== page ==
[sf-lug] (forw) Re: (forw) Re: Something new on Distrowatch and Ubuntu variants.

Rick Moen rick at linuxmafia.com
Mon Apr 26 22:58:01 PDT 2021

Quoting Al (awsflug at sunnyside.com):

> Now not to be totally pessimistic and negative, the big sites like
> debian and ubuntu will have (or so I believe) checksums that are
> actually correct.  I checked some once.   Mostly I just download
> from big established well run websites and trust, but there's that
> Mint case... I hadn't even heard of that.

Here ya go:

I'm going to re-post details from one of the several _previous_ times
I've tried to advise Bobbie she ought to start vetting developer
keysignatures (where available) on the ISOs she hands out -- this
occasion having been a bit over four years ago -- and some of the
resulting thread.

Date: Sun, 21 Feb 2016 16:26:34 -0800
>From rick at linuxmafia.com Sun Feb 21 16: 6:34 2016
From: Rick Moen <rick at linuxmafia.com>
To: sf-lug at linuxmafia.com
Subject: How to check distro checksums and signatures (was: Linux Mint
        files hacked.)
Organization: If you lived here, you'd be $HOME already.

Quoting Bobbie Sellers (bliss-sf4ever at dslextreme.com):

> Linux Mint iso files hacked!
> IF you downloaded a Linux Mint iso on February 20, 2016
> It may be compromised with a backdoor.

Bobbie, first, thank you for passing along that news item.

At the same time, that article's contents isn't within a country mile of
the most important lesson to learn, but I can help:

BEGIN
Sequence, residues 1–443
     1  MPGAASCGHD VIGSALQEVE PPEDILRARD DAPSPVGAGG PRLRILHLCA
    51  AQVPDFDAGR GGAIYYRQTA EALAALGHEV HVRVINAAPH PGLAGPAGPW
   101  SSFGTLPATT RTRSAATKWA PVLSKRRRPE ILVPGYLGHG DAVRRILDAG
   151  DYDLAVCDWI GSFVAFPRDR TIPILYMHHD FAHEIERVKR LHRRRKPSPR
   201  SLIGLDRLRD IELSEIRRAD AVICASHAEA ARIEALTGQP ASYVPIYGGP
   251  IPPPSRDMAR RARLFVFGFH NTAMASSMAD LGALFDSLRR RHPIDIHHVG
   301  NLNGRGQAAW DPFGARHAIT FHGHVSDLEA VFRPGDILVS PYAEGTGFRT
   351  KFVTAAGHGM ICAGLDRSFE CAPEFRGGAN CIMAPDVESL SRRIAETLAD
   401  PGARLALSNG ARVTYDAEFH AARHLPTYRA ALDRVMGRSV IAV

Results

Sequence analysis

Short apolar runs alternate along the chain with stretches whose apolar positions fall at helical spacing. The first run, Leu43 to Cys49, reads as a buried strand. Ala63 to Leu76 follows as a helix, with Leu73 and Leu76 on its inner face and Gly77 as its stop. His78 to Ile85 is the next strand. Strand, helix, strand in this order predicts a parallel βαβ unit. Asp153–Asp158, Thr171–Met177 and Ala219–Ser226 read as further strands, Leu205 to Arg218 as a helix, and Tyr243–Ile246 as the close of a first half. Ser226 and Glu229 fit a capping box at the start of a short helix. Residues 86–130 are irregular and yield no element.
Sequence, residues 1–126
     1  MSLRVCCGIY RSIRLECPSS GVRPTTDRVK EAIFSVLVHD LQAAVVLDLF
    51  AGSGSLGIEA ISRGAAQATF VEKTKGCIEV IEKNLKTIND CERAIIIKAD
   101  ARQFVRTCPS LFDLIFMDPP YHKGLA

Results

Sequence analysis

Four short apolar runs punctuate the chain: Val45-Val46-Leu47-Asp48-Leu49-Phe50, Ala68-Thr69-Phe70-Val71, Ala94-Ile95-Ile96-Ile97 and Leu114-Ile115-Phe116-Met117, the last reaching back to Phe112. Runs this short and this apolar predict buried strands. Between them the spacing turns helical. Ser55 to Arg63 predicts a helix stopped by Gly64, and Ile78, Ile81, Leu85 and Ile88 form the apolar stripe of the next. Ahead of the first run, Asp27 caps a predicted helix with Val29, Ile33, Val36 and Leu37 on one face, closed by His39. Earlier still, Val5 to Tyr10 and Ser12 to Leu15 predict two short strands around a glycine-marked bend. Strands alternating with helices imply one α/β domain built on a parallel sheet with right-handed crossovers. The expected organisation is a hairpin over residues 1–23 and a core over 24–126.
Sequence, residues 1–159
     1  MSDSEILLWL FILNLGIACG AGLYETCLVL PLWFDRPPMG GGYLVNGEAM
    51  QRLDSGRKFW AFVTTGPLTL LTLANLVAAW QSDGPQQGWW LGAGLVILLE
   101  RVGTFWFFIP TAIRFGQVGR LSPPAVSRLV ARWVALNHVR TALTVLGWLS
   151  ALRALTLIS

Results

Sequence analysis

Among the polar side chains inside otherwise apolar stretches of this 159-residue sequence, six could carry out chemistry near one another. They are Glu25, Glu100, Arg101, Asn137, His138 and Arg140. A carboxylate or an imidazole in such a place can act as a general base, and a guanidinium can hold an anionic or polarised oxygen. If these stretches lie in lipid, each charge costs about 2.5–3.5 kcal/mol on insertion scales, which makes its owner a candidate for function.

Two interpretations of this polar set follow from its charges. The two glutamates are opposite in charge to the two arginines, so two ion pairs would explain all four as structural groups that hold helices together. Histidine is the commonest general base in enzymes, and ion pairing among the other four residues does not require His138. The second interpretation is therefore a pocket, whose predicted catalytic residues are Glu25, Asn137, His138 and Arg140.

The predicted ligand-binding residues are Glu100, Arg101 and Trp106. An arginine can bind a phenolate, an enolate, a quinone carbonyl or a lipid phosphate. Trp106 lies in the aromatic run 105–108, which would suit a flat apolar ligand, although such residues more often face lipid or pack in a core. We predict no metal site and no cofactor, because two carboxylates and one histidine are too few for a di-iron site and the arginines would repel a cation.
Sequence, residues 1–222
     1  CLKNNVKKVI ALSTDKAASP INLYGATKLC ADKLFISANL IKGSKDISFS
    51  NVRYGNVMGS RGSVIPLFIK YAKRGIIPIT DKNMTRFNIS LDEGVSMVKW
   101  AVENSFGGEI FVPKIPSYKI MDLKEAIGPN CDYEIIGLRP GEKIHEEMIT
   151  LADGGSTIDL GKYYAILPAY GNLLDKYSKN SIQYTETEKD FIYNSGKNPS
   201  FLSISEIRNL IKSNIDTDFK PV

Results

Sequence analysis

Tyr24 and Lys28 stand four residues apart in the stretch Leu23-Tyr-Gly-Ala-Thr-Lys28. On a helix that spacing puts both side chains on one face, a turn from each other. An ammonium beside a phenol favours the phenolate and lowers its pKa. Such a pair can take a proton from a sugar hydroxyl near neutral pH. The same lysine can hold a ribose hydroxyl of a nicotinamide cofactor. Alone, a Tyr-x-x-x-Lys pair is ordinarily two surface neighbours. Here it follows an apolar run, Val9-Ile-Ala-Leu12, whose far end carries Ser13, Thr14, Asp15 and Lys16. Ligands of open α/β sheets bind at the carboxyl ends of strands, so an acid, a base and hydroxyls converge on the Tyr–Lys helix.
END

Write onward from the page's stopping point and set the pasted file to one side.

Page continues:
What you should ask yourself is:  What about _any_ downloaded program
(and distribution isos are collections of many programs) makes it worth
trusting?  How do you have reasonable assurance that a program you
retrieve isn't a trojaned fake someone inserted into the download

Linux distros use checksums and cryptographic signatures as a safeguard
-- and you should make sure you check those.

When you use package managers to upgrade/install distro-produced
packages, the process happens transparently to you.  Your running distro
has a crypto 'keyring' that it uses to check signatures on packages, and
the package tools also verify checksums to make sure the downloads are
complete and intact.

By contrast, when you manually download files (such as isos, the burden
is on _you_ to do that checking manually.

Here's the Linux Mint download page:

Page starts out with text introducing Linux Mint 17.3 'Rosa' Cinnamon
Edition, and goes on to a 'Direct download' section (alphabetical list
by country of download mirror sites).  _Below_ that long list of
countries is this bit:

   Signatures (to verify your downloaded ISO):

   MD5SUM 64-bit: e71a2aad8b58605e906dbea444dc4983
   MD5SUM 32-bit: 6e7f7e03500747c6c3bfece2c9c8394f
   Signed Sha256sum signatures [link]

This stuff (above) is absolutely _vital_.  You should always look for
it, and _not_ just go straight for the download link.  Your first
thought at the time of looking-for-downloads should be 'Where are the
checksums, and are they signed?'

Checksums currently come in three flavours.  From weakest to strongest
(degree of cryptographic assurance of correctness) types, they are:

  o  md5sum
  o  sha1sum
  o  sha256sum

A checksum, aka a hash, is a number derived from a file, and much
smaller than that file, that you can use to verify data integrity by
recalculating the checksum of the file you received and making sure it's
the same as what the download site claims it should be.  If it's a
match, then you have pretty strong proof your file download wasn't
truncated or corrupted in transit.

The utilities to do this task in Linux are named (yay!) md5sum, sha1sum,
and sha256sum.  Check your distro; it'll have them already.